Hosea 1:1-9

Wednesday, August 3rd, 2016

The book of Hosea is named after its principal character and author, Hosea, whose name means, the Lord saves.

Hosea’s ministry began during Jeroboam II’s days as king of the Northern Kingdom and continued after the destruction of the Northern Kingdom in 722 B.C. Since Jeroboam II died around 753 B.C. and since Hezekiah’s reign began in around 715 B.C., Hosea’s ministry covered around 40 years. His prophecies were addressed exclusively to the Northern Kingdom. Hosea prophesied during the period when the Northern Kingdom was oppressed by Assyria. Samaria eventually fell to the Assyrians in 722 B.C.

Hosea was a contemporary of Amos in Israel and of Isaiah and Micah in Judah.

The theme of Hosea is the redeeming love of God. The unfaithfulness of Israel toward God is illustrated by the unfaithfulness of Hosea’s wife toward Hosea. The redeeming love of God toward His people is then illustrated by Hosea’s redeeming love for his wife.


    I.     The Training of the Prophet, 1:1 - 3:5


            A.  His home life symbolic for the nation: punishment and restoration, 1:1 - 2:1


Five different judgment-salvation cycles are seen in Hosea. The first one is seen in Hosea 1:2-2:1 . Although judgment on Israel is predicted in 1:2-9, salvation is predicted for Israel in 1:10 - 2:1.


Hosea 1:1 The word of the LORD that came unto Hosea, the son of Beeri, in the days of Uzziah, Jotham, Ahaz, and Hezekiah, kings of Judah, and in the days of Jeroboam the son of Joash, king of Israel.


1:1 – (RSB) Hosea. The name means “salvation.” The dates of these kings are as follows: Uzziah (also called Azariah), 790-739 B.C.; Jotham, 750-731; Ahaz, 731-715; Hezekiah, 715-686; Jeroboam II, 794-753.


Inasmuch as Hosea prophesied during the reign of Jeroboam II, his ministry had to begin before 753 B.C. when Jeroboam II died; and since his ministry continued into the reign of Hezekiah, it had to continue to at least 715 B.C. when Hezekiah became king of Judah, which was at least seven years after the fall of Samaria to the Assyrians.


                        1.   The marriage with Gomer, a potential adulteress, 1:2


Hosea 1:2 The beginning of the word of the LORD by Hosea. And the LORD said to Hosea, Go, take unto thee a wife of whoredoms [i.e. a wife of harlotry] and children of whoredoms [i.e. children of harlotry]: for the land hath committed great whoredom [i.e. great harlotry], departing from the LORD.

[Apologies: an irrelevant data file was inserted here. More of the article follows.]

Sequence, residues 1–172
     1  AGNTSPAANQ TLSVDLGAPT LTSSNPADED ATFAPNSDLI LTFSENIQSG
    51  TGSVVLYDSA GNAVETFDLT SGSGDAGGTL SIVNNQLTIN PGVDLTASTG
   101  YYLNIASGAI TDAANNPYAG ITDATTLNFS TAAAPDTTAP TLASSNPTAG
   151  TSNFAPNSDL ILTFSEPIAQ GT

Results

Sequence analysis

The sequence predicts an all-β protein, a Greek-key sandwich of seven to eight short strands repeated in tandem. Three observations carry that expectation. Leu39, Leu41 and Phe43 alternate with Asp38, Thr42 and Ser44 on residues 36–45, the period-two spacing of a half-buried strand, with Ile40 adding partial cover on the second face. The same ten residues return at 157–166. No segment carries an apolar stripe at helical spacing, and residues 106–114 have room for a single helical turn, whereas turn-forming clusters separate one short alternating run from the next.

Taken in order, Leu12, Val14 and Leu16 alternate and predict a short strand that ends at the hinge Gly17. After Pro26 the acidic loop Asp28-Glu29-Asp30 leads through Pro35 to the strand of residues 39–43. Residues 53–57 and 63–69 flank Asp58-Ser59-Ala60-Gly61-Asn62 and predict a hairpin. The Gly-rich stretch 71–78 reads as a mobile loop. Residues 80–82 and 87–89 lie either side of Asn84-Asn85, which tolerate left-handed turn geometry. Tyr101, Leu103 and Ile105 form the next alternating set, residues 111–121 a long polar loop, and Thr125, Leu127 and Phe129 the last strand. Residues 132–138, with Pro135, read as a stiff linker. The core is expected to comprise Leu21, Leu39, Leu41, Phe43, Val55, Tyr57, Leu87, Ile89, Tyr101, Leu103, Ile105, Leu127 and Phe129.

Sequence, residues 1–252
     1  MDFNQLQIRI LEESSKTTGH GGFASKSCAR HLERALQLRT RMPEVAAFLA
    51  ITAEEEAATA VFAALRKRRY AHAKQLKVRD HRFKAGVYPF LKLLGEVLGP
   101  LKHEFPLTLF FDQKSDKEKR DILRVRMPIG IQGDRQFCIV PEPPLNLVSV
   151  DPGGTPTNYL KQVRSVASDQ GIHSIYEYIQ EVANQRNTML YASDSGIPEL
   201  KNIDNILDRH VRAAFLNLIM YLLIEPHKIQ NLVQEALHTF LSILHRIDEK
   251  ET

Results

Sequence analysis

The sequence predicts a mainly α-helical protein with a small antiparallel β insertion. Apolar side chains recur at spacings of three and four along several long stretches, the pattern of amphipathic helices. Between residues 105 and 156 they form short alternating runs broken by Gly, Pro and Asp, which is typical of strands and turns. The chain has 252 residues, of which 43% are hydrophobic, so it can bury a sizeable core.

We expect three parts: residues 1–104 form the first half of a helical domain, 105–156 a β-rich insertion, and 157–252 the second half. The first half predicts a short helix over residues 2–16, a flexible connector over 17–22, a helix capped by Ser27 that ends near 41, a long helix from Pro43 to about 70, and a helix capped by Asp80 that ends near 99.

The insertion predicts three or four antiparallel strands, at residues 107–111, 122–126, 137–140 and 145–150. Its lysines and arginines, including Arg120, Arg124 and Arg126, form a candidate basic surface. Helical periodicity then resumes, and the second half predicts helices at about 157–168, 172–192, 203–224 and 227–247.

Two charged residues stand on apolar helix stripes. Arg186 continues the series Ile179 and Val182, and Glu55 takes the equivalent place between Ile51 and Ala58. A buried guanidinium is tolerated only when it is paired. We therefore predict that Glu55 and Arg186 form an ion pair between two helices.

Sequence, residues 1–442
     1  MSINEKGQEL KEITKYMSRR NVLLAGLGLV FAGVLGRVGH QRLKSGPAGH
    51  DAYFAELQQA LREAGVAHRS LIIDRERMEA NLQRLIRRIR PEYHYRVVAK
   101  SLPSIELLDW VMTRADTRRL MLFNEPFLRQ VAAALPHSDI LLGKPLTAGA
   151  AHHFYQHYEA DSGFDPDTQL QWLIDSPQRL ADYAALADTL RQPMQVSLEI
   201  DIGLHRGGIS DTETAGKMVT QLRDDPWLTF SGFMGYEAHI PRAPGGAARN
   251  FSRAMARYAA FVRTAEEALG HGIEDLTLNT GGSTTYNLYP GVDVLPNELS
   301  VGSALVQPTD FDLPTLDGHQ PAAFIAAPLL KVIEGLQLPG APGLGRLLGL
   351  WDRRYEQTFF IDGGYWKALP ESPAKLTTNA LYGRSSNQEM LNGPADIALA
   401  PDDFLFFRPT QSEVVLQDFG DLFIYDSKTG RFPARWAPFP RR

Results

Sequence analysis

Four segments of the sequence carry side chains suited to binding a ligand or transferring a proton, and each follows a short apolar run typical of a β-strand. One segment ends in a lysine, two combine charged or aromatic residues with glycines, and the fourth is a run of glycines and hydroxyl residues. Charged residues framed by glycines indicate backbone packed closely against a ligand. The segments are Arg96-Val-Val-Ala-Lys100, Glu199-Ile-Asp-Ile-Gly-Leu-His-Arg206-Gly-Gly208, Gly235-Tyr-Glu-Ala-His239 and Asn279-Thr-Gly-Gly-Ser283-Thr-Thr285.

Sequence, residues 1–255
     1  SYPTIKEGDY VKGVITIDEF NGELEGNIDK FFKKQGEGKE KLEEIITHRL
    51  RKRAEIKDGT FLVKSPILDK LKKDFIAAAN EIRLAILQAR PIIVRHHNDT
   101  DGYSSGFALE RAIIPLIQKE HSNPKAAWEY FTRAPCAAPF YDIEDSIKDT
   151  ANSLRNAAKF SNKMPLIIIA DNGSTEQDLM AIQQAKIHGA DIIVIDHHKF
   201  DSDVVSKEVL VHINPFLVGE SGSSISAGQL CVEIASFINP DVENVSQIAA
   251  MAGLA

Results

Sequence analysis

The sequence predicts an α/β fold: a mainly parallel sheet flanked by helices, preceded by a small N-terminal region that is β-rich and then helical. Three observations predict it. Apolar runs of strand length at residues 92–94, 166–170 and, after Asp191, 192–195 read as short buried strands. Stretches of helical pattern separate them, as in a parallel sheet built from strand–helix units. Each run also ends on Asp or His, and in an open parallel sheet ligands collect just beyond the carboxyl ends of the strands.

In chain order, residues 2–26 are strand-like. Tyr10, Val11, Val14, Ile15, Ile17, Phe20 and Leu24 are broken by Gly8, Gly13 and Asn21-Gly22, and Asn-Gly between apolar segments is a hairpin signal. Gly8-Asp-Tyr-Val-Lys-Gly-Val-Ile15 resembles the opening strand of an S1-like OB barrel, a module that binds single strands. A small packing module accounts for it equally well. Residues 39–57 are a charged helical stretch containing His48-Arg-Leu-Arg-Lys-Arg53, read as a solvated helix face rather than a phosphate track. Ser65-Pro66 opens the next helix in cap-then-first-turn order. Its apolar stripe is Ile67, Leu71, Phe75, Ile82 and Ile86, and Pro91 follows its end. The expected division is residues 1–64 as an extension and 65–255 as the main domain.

1:2 – (RSB) a wife of whoredoms. If anticipatory, the phrase indicates that Gomer became a harlot after her marriage to Hosea. If not, he married a known prostitute. In either case the marriage was providentially ordained in order to illustrate vividly the infidelity of the people of Israel.


Although I realize that Gomer may have been a prostitute before she and Hosea were married, I prefer to believe that Gomer was not a prostitute until after they were married.


                        2.   The children: Jezreel, Lo-Ruhamah; Lo-Ammi, 1:3-9


Hosea 1:3 So he [i.e. Hosea] went and took Gomer the daughter of Diblaim; which conceived, and bare him a son.


Hosea 1:4 And the LORD said unto him, Call his name Jezreel; for yet a little while, and I will avenge the blood of Jezreel upon the house of Jehu, and will cause to cease the kingdom of the house of Israel.


1:4 – (RSB) Jezreel means “God sows” and refers to a valley in northern Israel, the scene of Jehu’s ill-advised and wrongly motivated murder of the sons of Ahab in order to seize the throne (II Kings 10:1-11 ).


II Kings 10:1-11 – And Ahab had seventy sons in Samaria. And Jehu wrote letters, and sent to Samaria, unto the rulers of Jezreel, to the elders, and to them that brought up Ahab’s children, saying, 2 Now as soon as this letter cometh to you, seeing your master’s sons are with you, and there are with you chariots and horses, a fenced [i.e. fortified] city also, and armour [i.e. weapons]; 3 Look even out the best and meetest [i.e. fittest, most worthy, best qualified] of your master’s sons, and set him on his father’s throne, and fight for your master’s house. 4 But they were exceedingly afraid, and said, Behold, two kings stood not before him: how then shall we stand? 5 And he that was over the house, and he that was over the city, the elders also, and the bringers up of the children [i.e. the guardians (of) the children, those who reared the children], sent to Jehu, saying, We are thy servants, and will do all that thou shalt bid us [i.e. say to us, tell us]; we will not make any king: do thou that which is good in thine eyes. 6 Then he wrote a letter the second time to them, saying, If ye be mine, and if ye will hearken unto my voice, take ye the heads of the men your master’s sons, and come to me to Jezreel by to morrow this time. Now the king’s sons, being seventy persons, were with the great men of the city, which brought them up. 7 And it came to pass, when the letter came to them, that they took the king’s sons, and slew [i.e. slaughtered] seventy persons, and put their heads in baskets, and sent him them to Jezreel. 8 And there came a messenger, and told him, saying, They have brought the heads of the king’s sons. And he said, Lay ye them in two heaps [i.e. in two piles] at the entering in of the gate until the morning. 9 And it came to pass in the morning, that he went out, and stood, and said to all the people, Ye be righteous: behold, I conspired against my master [i.e. against King Joram of Israel], and slew him: but who slew all these? 10 Know now that there shall fall unto the earth nothing of the word of the LORD, which the LORD spake concerning the house of Ahab: for the LORD hath done that which he spake by his servant Elijah. 11 So Jehu slew all that remained of the house of Ahab in Jezreel, and all his great men, and his kinsfolks, and his priests, until he left him none remaining.